France and Ireland
Notes and Narratives
Table Of Contents
- About the editors
- About the book
- This eBook can be cited
- Part I: Centre Stage
- George Alexander Osborne, Paris and the Pluie de Perles
- The Influence of Jean-Jacques Rousseau on Thomas Moore
- ‘De la musique avant toute chose’: Poldowski’s Settings of Verlaine’s Poetry
- Part II: Operatic Engagements
- Kate O’Brien’s As Music and Splendour: When Words and Music Chime
- Gilbert Bécaud’s L’Opéra d’Aran (1962) – A Rapprochement
- Ireland in the Musical Imagination of Third Republic France
- Part III: Fruitful Encounters
- Assuaging Loss: Artistic Approaches by Neil Jordan and Françoise Lefèvre
- Silent Pictures in Mind and Memory: Irish Poets and a Proustian Madeleine?
- Wine and Music: An Emerging Cultural Relationship
- France, Ireland and the Jacobite Cause in Richard Murphy’s The Battle of Aughrim
- ‘Claude de France’: Debussy’s Great War of 1915
- Part IV: Dublin à la française?
- Maestro, Magician, Midwife: Jean Martinon in Dublin
- ‘Play it in the original’: Music, Language and Difference in James Joyce’s ‘Sirens’
- ‘The music you’re carrying in your head’: Reading Hélène Cixous in the ‘Breath’ of Paula Meehan’s Poetry
- Notes on Contributors
- Series index
The editors are grateful to all who inspired and enabled the orchestration of France and Ireland: Notes and Narratives. Particular thanks are due to the contributors, to our colleagues for their expertise and careful reading, and to the publishers for kind assistance and efficiency. We wish also to acknowledge the generous publication grants from AFIS and from DIT.
Cork & Dublin, April 2015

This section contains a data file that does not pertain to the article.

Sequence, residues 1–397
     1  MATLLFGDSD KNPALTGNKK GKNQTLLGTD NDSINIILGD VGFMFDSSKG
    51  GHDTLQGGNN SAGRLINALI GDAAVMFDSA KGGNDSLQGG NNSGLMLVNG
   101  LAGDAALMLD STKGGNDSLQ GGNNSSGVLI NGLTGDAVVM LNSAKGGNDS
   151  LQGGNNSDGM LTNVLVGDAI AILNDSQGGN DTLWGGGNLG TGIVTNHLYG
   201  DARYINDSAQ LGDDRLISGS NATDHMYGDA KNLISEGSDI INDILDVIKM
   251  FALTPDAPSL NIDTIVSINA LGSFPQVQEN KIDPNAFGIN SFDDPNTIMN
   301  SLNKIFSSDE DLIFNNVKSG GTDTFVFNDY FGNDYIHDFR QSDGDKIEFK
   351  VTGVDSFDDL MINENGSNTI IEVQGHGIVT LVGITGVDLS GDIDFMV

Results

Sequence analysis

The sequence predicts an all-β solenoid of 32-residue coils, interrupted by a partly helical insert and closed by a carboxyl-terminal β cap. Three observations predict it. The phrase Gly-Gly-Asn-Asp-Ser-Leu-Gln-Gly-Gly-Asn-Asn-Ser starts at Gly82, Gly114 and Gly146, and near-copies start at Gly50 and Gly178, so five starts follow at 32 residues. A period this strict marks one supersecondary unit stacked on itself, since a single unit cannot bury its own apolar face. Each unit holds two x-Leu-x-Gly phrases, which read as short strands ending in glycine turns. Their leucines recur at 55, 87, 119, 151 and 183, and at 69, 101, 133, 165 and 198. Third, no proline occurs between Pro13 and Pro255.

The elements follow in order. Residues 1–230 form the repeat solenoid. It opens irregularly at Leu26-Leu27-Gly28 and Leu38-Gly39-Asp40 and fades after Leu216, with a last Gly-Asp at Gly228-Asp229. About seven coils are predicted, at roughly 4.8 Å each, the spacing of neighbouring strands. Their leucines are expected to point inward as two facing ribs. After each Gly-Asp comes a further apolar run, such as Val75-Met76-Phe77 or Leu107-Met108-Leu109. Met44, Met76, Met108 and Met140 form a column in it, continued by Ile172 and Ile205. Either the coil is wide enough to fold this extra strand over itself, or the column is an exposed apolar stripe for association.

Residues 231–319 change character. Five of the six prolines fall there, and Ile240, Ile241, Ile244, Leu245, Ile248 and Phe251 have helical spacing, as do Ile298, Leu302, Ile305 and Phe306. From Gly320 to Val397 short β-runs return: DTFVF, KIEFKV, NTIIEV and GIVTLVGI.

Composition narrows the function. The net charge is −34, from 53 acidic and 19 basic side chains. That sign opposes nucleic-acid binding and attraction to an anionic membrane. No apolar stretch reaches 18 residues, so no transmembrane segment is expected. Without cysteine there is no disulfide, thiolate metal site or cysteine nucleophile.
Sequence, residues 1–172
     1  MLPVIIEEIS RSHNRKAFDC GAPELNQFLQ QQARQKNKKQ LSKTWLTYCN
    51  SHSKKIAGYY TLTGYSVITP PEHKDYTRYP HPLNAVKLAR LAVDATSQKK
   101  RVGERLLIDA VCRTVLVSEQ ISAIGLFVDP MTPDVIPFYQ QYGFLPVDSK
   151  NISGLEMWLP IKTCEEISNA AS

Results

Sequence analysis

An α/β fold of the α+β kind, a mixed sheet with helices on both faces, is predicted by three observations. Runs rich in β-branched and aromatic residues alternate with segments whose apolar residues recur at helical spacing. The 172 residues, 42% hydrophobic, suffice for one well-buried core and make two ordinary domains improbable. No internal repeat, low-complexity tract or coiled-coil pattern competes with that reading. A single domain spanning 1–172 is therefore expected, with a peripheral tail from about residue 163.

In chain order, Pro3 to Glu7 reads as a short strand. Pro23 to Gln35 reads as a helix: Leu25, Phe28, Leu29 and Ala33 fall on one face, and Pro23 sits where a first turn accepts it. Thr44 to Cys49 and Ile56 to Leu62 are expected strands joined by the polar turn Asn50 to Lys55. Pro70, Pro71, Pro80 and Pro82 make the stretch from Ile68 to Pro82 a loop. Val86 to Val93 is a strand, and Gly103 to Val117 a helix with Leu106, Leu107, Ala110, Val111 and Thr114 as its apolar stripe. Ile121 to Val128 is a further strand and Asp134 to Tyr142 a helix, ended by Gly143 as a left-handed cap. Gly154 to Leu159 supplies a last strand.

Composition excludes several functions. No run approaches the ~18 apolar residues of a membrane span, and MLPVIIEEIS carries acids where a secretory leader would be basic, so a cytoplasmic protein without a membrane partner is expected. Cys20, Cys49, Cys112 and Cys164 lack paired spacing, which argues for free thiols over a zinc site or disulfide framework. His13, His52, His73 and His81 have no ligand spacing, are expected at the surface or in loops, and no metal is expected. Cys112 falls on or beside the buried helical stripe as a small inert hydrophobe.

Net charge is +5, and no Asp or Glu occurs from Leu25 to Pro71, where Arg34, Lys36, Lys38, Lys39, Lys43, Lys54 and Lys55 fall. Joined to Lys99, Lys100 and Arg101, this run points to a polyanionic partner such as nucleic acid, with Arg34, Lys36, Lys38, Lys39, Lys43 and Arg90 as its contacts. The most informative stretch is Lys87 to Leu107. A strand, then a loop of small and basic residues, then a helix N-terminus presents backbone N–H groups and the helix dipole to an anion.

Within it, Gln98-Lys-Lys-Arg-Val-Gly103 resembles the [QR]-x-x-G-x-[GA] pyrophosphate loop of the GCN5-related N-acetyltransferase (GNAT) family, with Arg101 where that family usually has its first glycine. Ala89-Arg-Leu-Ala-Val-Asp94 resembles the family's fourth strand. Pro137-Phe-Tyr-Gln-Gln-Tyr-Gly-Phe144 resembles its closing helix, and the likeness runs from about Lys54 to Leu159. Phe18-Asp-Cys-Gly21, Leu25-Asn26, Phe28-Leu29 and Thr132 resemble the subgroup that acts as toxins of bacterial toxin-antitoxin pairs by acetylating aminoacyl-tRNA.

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This collection of essays presents a beguiling selection of themes and variations, all unfolding through multiple notes and narratives. The notes are musical, literary, historical and sensory; the narratives progress through music, picture, prose, poetry and good wine. The wide variety of topic and treatment delivers unusual nuggets and affords insights and opportunities for enhanced appreciation and understanding of art and life, both French and Irish. A feature of the volume is that reciprocal influences are recognised in contributions to literary accounts, musical composition and performance, to social mores and the psychology of consumption. There is an underlying purpose to the approach: rather than embrace Brunelleschi’s perspectiva artificialis1 with the inherent deficiencies that arise from concentrated focus on a narrow field, these chapters seek to furnish multi-dimensional pictures wherein Cartesian certainty and limits are rejected in favour of expanded horizons and productive linkages. The intention here is to introduce external disciplinary interpretation into topics, and to highlight the effects, thereby revealing how this results in additional layers of understanding, gives meaningful colour and texture, and avoids the limitations of frozen portraiture and fixed-angle viewpoints.